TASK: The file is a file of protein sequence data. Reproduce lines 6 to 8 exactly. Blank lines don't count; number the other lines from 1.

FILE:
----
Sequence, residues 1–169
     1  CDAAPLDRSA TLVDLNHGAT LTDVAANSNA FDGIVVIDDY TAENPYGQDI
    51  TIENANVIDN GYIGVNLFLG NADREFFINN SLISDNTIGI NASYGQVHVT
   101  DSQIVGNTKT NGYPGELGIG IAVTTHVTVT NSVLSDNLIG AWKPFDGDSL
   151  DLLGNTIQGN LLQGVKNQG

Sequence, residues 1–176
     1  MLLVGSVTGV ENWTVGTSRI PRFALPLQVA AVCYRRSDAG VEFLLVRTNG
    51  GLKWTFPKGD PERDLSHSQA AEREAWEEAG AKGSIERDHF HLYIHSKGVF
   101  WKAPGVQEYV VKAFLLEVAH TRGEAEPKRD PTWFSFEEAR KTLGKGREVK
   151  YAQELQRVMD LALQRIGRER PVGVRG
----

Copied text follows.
Sequence, residues 1–176
     1  MLLVGSVTGV ENWTVGTSRI PRFALPLQVA AVCYRRSDAG VEFLLVRTNG
    51  GLKWTFPKGD PERDLSHSQA AEREAWEEAG AKGSIERDHF HLYIHSKGVF